Selling compliance to the unwilling requires some innovative packaging
Compliant behaviour is associated with conformity to institutional rules, and
so, when people choose not to comply they stand answerable to consequences, which
This paper is an early draft of a paper that later appears as:
Brennan, L., & Binney, W. (2010). Fear, guilt and shame appeals in social marketing. Journal of Business Research,
63(2), 140-146.
4
in an institutional or legal framework, could result in penalties such as fines,
community service or legal action (cf. Harvey and McCrohan, 1988; May, 2005).
Thus, the word voluntary must be used with some caution in the context of social
marketing frameworks – is it truly voluntary if you must do it ‘or else?’ Nevertheless,
social marketers encourage compliance by using message appeals (in this context not
simply message framing) to link the socially desired behaviour to something that is of
value to the individual. These appeals must be packaged or presented in a way that
enables the individual to see the direct benefit (value) of their action. This value could
be something which avoids negative consequences or which are positive incentives to
behave in a certain way (Staub, 1997; Atkin, 2001). It could also be an empathetic
motive rather than a personal one (Taute and McQuitty, 2004; Sturmer, Snyder and
Omoto, 2005). Message appeals can be either positive or negative in nature, and they
can additionally be divided into informational (or rational) appeals versus emotional
appeals.
Emotional appeals and social marketing
Much recent research has been conducted into the influence of emotions in
framing messages although not all of this is in the social marketing domain (Dillard
and Peck, 2000; Frazer, Sheehan and Patti, 2002; Marchand and Filiatrault, 2002;
James, Hasseldine, Hite and Toumi, 2003; Arthur and Quester, 2004; Berridge, 2004;
Hastings, Stead and Webb, 2004; Maciejewski, 2004; Rossiter and Thornton, 2004;
Chebat and Slusarczyk, 2005; Cotte, Coulter and Moore, 2005). Some authors
distinguish between affect and emotions (Holbrook and Batra, 1987) and emotions
and emotional feelings (Lazarus, 1991). Batra and Holbrook (1990) developed a
typology of affective response categories with which to profile advertising. This
typology incorporated fear and guilt but did not include shame.
This paper is an early draft of a paper that later appears as:
Brennan, L., & Binney, W. (2010). Fear, guilt and shame appeals in social marketing. Journal of Business Research,
63(2), 140-146.
5
The link between emotional arousal, attitude formation and behavioural compliance is
still theoretically problematic with only tentative links drawn between attitudes and
intent, and some still ambiguous findings relating to intent and eventual behaviour
(Chandon, Morwitz and Reinartz, 2004). Notwithstanding these difficulties, social
marketing campaigns often use emotional appeals in an attempt to encourage
compliant behaviour from the public (cf. the many facets of road safety, cancer
screening and HIV/AIDS campaigns). Negative emotional appeals are also regularly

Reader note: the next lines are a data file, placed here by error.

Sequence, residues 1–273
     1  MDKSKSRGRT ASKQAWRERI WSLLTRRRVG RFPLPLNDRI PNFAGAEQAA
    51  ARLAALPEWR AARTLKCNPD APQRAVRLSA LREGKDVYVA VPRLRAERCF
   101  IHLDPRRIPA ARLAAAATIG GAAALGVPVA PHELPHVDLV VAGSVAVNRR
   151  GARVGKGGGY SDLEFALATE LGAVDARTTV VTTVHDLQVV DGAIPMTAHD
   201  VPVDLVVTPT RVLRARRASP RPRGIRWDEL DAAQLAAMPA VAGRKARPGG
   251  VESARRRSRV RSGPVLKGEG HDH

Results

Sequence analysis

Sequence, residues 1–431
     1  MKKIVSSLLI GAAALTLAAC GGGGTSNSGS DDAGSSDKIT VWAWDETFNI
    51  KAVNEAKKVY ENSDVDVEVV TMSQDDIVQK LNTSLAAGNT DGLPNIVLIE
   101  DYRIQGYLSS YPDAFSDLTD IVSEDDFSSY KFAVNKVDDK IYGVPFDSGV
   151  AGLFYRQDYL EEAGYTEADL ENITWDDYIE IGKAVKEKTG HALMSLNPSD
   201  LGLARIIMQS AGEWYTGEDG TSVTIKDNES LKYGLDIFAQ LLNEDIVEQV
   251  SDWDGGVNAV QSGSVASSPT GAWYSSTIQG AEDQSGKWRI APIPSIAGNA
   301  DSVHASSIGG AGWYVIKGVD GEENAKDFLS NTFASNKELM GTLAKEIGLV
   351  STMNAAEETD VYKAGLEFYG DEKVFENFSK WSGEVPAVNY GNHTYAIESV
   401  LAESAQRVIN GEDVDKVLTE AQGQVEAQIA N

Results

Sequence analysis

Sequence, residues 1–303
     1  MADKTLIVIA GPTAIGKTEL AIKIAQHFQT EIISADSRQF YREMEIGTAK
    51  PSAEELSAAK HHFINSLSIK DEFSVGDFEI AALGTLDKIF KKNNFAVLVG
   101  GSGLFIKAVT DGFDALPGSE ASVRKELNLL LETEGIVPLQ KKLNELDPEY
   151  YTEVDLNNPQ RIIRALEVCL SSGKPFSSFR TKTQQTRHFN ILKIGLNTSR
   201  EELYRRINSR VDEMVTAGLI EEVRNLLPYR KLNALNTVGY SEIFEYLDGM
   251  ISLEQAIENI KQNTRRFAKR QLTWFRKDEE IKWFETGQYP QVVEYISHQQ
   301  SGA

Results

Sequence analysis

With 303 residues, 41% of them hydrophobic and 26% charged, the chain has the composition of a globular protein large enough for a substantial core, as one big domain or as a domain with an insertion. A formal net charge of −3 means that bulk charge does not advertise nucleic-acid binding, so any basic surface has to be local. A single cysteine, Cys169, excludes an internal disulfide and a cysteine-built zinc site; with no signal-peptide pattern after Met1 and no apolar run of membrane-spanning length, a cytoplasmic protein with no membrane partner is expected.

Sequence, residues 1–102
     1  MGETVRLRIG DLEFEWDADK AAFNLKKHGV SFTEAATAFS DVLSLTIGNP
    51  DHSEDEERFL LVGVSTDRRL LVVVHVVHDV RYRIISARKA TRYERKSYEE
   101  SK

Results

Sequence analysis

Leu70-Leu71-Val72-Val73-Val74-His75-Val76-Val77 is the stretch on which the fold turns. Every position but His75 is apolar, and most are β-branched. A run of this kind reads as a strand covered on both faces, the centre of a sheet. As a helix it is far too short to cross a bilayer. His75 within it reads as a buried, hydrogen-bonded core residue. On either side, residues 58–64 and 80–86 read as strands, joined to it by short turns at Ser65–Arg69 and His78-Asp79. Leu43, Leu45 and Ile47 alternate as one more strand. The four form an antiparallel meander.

applied in consumer marketing to sell products which appeal to consumers’ needs to
conform to social norms (Bearden and Rose, 1990). Additionally, there is significant
research which has studied the effectiveness of negative in comparison to positive
emotional appeals (Wheatley and Oshikawa, 1970; Gardner and Wilheim, 1987;
Homer and Yoon, 1992; Block and Keller, 1995; Frazer et al., 2002). Dillard and
Peck (2000) showed that public service advertising effectiveness was influenced by
fluctuating attitudes, changes in affective responses, and cognitive reactions for both
positive and negative appeals.
The use of negative appeals in social marketing and advertising
Negative appeals are used to create an emotional imbalance which can be
rectified by engaging in the featured (desired) behaviour, in this case regarded as
compliant behaviour. It is hoped that by creating discomfort people will be motivated
to act (or not) to decrease the feeling of discomfort. Negative emotions are known to
cause psychic discomfort and are therefore a safe place to start when attempting to
create appeals.
Fear appeals have been used for many years in advertising with varying
degrees of success (Ray and Wilkie, 1970; Wheatley and Oshikawa, 1970; Rotfeld,
1988; Burnett and Lunsford, 1994; Latour and Rotfeld, 1997; Witte and Allen, 2000;
This paper is an early draft of a paper that later appears as:
Brennan, L., & Binney, W. (2010). Fear, guilt and shame appeals in social marketing. Journal of Business Research,
63(2), 140-146.
6
Chandy, Tellis, Macinnis and Thaivanich, 2001; Laroche, Bergeron and BarbaroForleo, 2001; Hastings et al., 2004; Mowen, Harris and Bone, 2004; Rossiter and
Thornton, 2004). However, Huhmann and Brotherton (1997) found differences in
outcomes between fear, guilt, and shame.
Much research focuses on fear or threat appeals in advertising campaigns, and
how coping responses may affect changes in attitude and, subsequently, behavioural
changes (Kohn, Goodstadt, Cook, Sheppard and Chan, 1982; Maddux and Rogers,
1983; Tanner, Hunt and Eppright, 1991; Henthorne, Latour and Nataraajan, 1993;
Schoenbachler and Whittler, 1996; Dillard and Peck, 2000; Witte and Allen, 2000;
Arthur and Quester, 2004; Dillard and Anderson, 2004). The intensity of the appeal is
also a consideration (Moore and Harris, 1996). Fear appeals can be subcategorized
into physical and social fear appeals; physical fear appeals relate to threats which may
afflict the body, and social fear appeals relate to threats connected with social
acceptance (Schoenbachler and Whittler, 1996; Laroche et al., 2001). Lazarus (1991),
while not assessing the impact of advertising per se, theorized that people react to
threats by assessing the harm or benefit before developing an emotional response and
subsequent physiological action. He posited that fear (generated as an outcome of a